Time To First Byte (TTFB) is a page speed metric, which we discussed many years ago in Time To First Byte (TTFB) Demystified and Reduce Time To First Byte (TTFB). These days many of the managed WordPress platforms are claiming that they can reduce the TTFB to under 200ms all over the earth for WordPress. This kind of claim is completely misleading. With a single server WordPress setup, with presently existing DNS system at least from one country, you’ll get around 1000ms TTFB. For the rest, TTFB will be within 100ms to 600ms. That is because of the geographical distance. Even 1 second is fast. When you are testing TTFB with tools such as:
You can test well-known blog sites such as
copyblogger.com and compare them with your WordPress site. Keep in mind that both of them are using far more costly setups than most of us can afford. For us, a good TTFB is 200ms to 500ms from most parts of the world.
Practical Ways to Reduce TTFB in WordPress
We have applied all of these tweaks and except for using a high-end dedicated server, we do not have many ways to improve the performance of our site.
- MySQL Query Cache – There are security concerns around enabling MySQL query cache but this is one of the tricks which make WordPress on steroid. It has been retired since version 8.0. The alternative is using External caching engines (i.e. Memcached or Redis and an HTTP accelerator like Varnish).
- The proper arrangement of DOM elements matters much
- Use W3 Total Cache or WP Super Cache.
- Conflict between WordPress plugins can increase the TTFB.
- If Ad Server matches your web server configuration closely, it will not affect the TTFB.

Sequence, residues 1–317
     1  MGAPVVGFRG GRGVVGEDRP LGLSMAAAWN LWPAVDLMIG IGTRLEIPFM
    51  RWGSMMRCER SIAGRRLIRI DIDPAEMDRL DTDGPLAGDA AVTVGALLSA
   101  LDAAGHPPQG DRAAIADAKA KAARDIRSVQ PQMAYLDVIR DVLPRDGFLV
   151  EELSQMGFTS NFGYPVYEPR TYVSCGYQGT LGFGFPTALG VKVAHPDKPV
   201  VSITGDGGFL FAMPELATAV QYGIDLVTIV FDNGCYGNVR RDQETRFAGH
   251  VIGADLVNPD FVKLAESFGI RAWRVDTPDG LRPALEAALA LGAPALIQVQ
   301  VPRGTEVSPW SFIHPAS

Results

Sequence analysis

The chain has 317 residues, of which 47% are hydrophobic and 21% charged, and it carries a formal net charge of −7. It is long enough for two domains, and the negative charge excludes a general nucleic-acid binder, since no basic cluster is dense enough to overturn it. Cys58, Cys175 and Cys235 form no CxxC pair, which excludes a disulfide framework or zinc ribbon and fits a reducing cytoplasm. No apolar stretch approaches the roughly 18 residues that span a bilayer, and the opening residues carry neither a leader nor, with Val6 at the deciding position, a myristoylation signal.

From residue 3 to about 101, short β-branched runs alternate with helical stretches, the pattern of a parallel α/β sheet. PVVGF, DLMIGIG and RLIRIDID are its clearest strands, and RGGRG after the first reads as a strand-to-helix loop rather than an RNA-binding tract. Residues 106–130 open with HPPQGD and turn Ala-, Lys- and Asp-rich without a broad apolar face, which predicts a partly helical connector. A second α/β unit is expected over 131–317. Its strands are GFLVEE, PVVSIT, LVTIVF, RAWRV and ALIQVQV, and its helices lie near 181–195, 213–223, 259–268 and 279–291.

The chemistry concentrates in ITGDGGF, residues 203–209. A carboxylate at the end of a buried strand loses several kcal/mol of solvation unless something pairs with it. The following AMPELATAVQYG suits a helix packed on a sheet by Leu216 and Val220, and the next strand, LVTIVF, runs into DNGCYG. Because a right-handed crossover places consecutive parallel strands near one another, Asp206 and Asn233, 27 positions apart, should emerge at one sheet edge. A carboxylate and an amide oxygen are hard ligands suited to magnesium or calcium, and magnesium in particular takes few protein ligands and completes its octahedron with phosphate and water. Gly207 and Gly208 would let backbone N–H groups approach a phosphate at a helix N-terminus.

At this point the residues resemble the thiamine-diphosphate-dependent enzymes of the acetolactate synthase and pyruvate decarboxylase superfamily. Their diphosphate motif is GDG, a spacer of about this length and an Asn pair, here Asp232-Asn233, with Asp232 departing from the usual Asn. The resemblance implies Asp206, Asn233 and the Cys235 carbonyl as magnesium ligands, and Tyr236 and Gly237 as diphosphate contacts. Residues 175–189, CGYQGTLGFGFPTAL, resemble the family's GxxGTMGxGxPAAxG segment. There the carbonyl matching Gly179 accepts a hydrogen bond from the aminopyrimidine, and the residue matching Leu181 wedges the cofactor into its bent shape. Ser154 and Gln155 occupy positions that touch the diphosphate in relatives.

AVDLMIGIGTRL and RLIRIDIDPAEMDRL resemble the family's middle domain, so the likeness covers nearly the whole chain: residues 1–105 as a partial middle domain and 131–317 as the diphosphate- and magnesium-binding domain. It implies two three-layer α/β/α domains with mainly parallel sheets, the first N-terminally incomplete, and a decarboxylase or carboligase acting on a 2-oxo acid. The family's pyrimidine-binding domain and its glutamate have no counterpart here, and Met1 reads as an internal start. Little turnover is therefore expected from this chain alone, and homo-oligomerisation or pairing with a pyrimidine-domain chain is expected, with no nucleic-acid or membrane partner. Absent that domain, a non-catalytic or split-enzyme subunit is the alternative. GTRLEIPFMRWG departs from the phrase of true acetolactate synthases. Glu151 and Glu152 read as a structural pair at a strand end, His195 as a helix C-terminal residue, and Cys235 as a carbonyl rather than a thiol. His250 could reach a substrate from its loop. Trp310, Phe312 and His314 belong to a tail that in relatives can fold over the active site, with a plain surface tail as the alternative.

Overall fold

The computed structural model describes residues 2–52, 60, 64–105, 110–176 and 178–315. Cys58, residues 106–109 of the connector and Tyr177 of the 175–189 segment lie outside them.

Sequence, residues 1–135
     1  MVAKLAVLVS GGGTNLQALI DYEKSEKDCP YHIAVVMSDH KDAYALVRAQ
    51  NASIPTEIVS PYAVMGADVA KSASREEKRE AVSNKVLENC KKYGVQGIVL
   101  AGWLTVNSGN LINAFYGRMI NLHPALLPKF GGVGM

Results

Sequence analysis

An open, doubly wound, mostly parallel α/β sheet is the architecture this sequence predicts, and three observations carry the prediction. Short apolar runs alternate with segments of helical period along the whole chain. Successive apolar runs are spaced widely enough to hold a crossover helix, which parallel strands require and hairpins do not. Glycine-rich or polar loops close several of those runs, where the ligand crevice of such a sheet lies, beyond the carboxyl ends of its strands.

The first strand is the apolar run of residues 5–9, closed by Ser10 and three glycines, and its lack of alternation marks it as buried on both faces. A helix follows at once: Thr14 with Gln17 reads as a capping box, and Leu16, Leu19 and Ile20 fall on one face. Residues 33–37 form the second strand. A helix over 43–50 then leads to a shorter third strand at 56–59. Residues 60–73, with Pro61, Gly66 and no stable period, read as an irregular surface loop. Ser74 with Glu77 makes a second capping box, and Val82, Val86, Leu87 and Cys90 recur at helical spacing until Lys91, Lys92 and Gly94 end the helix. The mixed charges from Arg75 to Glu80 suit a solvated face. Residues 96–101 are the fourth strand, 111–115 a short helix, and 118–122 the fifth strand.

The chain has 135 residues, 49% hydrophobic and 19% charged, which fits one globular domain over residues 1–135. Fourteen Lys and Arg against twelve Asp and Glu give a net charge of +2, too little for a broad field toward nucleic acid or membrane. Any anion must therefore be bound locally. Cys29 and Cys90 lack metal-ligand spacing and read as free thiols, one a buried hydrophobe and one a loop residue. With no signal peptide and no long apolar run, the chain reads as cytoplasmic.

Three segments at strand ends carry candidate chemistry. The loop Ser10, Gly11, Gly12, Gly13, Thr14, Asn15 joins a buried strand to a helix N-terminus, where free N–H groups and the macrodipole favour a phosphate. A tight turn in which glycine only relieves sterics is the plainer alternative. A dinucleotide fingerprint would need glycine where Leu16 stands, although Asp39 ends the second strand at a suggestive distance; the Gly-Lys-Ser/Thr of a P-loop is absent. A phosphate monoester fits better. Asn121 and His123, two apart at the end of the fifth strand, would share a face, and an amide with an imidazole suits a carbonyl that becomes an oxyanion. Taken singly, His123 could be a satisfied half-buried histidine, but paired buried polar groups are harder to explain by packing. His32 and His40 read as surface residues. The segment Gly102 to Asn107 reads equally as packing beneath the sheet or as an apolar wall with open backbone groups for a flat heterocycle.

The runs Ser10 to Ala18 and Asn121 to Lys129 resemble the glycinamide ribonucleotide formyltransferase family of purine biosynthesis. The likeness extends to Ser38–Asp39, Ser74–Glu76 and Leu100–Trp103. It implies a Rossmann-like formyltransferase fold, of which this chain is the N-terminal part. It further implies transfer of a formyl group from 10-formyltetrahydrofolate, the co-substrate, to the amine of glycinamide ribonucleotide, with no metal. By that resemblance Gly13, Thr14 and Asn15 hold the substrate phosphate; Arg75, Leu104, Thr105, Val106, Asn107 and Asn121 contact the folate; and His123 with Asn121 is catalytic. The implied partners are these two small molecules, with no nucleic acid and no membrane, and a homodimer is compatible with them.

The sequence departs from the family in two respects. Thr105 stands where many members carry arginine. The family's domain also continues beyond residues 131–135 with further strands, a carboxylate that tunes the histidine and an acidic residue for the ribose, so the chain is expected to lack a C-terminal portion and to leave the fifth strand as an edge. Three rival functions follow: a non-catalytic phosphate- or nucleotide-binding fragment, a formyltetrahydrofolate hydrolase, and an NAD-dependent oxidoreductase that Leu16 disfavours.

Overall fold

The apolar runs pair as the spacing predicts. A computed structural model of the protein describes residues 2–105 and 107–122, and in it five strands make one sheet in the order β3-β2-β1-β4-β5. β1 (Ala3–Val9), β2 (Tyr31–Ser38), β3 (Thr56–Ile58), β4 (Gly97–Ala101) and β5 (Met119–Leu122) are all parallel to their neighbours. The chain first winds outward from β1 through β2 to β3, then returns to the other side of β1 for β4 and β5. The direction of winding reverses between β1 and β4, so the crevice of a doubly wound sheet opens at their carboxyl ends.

- CDN is important, but sometimes some content needs to be served from its own server like Icon Fonts.
- Use a good CDN
- Use a good DNS
- Use a good host
- Use a hand-coded WordPress theme and optimize it
- Reduce HTML and CSS errors
- Use the latest PHP
- Optimize Apache2 or Nginx or whatever webserver you are using. Search our website for guides.
- Use Opcache
- Backend optimization is most important for TTFB.
- TTFB is important for Commercial websites, more than the blogs
We use Google/Apache PageSpeed module. Compress your website as much as possible. There are risky SSL-related tweaks such as OSCP stapling.
In short, you have to make sure that your WordPress installation is optimized. The bottleneck is our budget. A dedicated server from MediaTemplate which costs $2000/month will have a slight lower TTFB than the web hosts we have described in our earlier article.
The best possible budget cloud servers we saw were from HP public cloud. But as you know, HP public cloud is now closed. In the same way, the IBM cloud server will perform better. They are real “cloud servers” but people want a budget solution. Apache is always a reliable webserver for PHP. Apache and MySQL are better on a good dedicated server.